From four research councils to three – Q&A

The Academy of Finland’s research councils will be reorganised. The idea is to have three research councils instead of four. Why is that?

To be able to identify new scientific opportunities and support multidisciplinary research as broadly as possible, we need flexibility and capability to function at the interface of different scientific disciplines. The move to reduce the number of research councils from four to three is aimed at broadening the research councils’ sphere of operations and furthering the renewal of research.

What are the three new research councils?

The three research councils as of 1 January 2019 are: the Research Council for Biosciences, Health and the Environment, the Research Council for Culture and Society, and the Research Council for Natural Sciences and Engineering.

How will the members of the new research councils be selected?

The Ministry of Education, Science and Culture invites reasoned nominations for Academy research councils from Finnish universities, universities of applied sciences, research institutes, science academies, ministries, research funders and the scientific community. Qualified individual persons may also nominate themselves as a candidate.

What are the tasks of a research council member?

The research council members’ most important task are as follows:

  • development of research council’s science policy orientations, operational planning
  • decision-making on research funding and monitoring funding performance
  • foresighting developments in research fields
  • involvement in Academy working groups, Academy Programme steering groups and the FIRI Committee
  • cooperation with national and international funders and stakeholders.

Read more under Research councils.

In terms of funding, will the reduction in the number of research councils disadvantage certain disciplines?

The number of research councils does not determine the level of funding allocated annually by the Academy Board to each research council. In September 2018, the Board will decide the operating and financial plan for 2020–2023, which will outline the funding appropriations of the research councils. On 6 November, it will decide the research councils’ funding budgets for 2019.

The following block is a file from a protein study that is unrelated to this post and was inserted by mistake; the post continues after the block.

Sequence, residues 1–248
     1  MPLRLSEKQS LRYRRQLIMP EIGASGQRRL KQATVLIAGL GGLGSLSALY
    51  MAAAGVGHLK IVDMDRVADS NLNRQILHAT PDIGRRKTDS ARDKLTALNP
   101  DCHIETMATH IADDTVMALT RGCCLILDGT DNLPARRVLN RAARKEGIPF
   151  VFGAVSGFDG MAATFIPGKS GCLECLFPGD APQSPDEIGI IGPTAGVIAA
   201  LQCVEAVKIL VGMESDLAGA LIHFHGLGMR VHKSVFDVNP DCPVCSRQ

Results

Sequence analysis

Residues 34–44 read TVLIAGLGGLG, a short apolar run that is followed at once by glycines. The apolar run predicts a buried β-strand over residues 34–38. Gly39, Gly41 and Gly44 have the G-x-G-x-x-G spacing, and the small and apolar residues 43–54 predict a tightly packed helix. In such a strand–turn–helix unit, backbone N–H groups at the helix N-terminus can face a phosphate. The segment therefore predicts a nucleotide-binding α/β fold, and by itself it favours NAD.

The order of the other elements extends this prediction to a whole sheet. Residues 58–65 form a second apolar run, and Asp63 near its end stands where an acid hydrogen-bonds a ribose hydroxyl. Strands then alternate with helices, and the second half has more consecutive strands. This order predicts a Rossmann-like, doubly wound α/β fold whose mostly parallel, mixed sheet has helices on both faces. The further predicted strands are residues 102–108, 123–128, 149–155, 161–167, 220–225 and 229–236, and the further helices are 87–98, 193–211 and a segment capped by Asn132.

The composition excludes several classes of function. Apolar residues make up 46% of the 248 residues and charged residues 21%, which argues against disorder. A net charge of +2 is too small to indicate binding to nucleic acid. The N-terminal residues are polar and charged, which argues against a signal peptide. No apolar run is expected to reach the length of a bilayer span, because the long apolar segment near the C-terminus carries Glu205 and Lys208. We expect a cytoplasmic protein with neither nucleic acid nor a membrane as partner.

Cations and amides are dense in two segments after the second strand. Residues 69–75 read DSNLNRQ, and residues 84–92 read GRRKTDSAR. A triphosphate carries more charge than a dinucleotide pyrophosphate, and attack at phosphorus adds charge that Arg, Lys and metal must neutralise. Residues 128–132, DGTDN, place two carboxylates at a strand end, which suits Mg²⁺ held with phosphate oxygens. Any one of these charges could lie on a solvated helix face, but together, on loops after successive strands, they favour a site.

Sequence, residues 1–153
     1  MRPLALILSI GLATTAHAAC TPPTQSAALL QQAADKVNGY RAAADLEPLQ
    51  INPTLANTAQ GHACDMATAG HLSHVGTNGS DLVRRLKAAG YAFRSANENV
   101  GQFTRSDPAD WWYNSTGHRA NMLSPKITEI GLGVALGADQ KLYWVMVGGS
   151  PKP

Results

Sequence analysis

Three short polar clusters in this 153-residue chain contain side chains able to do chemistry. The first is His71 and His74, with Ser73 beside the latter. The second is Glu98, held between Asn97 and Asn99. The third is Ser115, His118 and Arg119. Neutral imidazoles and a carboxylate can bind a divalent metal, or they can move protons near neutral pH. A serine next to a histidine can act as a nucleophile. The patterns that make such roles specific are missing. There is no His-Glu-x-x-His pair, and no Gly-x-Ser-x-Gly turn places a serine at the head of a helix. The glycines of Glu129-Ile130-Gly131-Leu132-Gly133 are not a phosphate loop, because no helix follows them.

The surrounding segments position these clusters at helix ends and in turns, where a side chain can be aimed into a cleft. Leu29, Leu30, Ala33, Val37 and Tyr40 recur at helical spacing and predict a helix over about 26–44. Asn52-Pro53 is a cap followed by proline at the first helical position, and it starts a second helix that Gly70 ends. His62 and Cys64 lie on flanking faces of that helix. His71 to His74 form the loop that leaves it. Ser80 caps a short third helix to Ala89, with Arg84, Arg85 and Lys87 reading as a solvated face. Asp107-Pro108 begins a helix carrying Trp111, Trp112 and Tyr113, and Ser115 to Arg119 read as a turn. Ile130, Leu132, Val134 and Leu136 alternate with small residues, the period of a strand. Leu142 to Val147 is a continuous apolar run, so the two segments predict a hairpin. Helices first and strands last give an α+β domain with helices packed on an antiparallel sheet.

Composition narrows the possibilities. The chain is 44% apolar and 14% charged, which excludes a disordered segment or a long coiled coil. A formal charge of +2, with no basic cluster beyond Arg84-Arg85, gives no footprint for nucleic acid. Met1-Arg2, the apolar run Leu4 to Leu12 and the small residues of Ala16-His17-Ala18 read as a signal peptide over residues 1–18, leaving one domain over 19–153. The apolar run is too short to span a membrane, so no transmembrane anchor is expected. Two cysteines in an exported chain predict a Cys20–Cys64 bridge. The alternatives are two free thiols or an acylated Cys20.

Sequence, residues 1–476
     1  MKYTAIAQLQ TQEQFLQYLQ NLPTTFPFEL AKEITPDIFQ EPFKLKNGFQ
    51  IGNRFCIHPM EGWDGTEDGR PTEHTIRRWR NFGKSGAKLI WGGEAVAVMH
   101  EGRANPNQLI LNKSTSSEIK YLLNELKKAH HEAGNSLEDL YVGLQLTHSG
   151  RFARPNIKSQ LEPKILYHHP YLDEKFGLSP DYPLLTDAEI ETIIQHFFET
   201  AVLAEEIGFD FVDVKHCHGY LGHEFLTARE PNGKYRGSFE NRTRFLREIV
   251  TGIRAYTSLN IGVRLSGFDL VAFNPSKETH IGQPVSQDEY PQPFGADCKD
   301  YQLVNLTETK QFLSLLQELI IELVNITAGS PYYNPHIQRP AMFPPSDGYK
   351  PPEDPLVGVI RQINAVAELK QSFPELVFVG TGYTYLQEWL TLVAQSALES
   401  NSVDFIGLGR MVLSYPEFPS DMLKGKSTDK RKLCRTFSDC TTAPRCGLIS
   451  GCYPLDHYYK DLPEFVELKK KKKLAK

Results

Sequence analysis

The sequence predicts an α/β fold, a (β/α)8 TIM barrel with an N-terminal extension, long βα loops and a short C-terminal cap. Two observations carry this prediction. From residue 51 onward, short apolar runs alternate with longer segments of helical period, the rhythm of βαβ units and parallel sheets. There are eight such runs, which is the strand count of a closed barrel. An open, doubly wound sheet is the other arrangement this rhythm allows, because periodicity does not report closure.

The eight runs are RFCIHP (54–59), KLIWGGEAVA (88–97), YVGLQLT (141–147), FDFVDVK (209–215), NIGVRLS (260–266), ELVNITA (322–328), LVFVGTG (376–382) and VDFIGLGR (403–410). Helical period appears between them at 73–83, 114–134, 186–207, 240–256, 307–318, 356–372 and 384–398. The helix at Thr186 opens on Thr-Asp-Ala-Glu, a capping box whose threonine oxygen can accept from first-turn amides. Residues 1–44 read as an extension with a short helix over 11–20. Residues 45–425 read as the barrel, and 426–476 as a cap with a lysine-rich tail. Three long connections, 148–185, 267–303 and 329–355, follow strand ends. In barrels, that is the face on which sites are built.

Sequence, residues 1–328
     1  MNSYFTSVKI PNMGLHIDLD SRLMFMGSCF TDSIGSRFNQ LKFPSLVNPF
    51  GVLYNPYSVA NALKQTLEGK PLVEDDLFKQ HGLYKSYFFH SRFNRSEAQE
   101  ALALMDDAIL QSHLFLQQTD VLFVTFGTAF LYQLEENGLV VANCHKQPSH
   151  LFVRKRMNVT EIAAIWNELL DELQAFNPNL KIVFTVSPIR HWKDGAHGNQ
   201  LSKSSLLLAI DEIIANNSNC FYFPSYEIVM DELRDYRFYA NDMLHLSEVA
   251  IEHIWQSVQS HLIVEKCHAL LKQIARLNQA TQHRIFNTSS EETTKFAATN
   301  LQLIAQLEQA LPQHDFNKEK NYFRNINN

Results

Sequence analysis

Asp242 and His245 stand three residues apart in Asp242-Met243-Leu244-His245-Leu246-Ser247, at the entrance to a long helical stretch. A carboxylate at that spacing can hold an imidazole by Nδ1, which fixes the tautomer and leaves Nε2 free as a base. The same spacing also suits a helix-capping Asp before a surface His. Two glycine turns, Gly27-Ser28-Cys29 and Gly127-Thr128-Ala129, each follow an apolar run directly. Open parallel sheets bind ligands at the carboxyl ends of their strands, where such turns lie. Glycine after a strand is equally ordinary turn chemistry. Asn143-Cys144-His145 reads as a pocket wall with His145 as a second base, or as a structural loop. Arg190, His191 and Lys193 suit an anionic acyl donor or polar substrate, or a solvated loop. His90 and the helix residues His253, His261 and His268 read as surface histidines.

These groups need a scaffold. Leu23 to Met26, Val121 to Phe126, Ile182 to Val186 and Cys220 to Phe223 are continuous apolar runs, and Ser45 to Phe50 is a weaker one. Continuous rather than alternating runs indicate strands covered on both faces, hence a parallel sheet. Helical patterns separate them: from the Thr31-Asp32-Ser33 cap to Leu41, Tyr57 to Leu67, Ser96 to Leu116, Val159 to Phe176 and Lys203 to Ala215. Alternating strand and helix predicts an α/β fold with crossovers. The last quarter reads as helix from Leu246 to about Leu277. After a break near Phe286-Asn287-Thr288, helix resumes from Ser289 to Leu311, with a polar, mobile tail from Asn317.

When will the change affect applicants and Academy calls?

The three research councils will start operations as of 2019. Those applying for funding in September 2018 will address their applications to the Research Council for Biosciences, Health and the Environment, the Research Council for Culture and Society, or the Research Council for Natural Sciences and Engineering. The September 2018 call text was published in early July.

How will I know which research council is the right one for my application?

When deciding on the most suitable research council, it’s best that you look at the research councils' research fields from a broad perspective. Also, it’s good to remember that you will still be able to choose five research fields for your application when you’re submitting it in the online services. Read more about the new research council model on our website.

As always, all applications will go through the best possible review. Each application will be reviewed by a panel most suited to that end in terms of the contents and research fields of the application. When making funding decisions, the research councils always consider the varying traditions and review practices of different disciplines. The Academy will also continue the established practice of organising joint panels between research councils, if necessary.

Will the application review practices change?

Last spring, we tested a model where panels, in some of our funding schemes, performed both rating and ranking. The research councils have used this information to support their decisions.

However, this new model will not reduce the powers of the research councils. As before, the research councils will make their funding decisions based on their own policies and the results of the review. The notification sent to applicants when a funding decision has been made will describe the key grounds on which the decision is based, as is the current practice.

Depending on the funding scheme, the funding decisions are made by the research councils, the Strategic Research Council (SRC), the Finnish Research Infrastructure Committee (FIRI Committee) and the subcommittees appointed by the Board.

Read more about our review and decision process.

Our Ask & Apply tour will visit universities and research institutes in August, see the session dates here.

Last modified 9 Aug 2018
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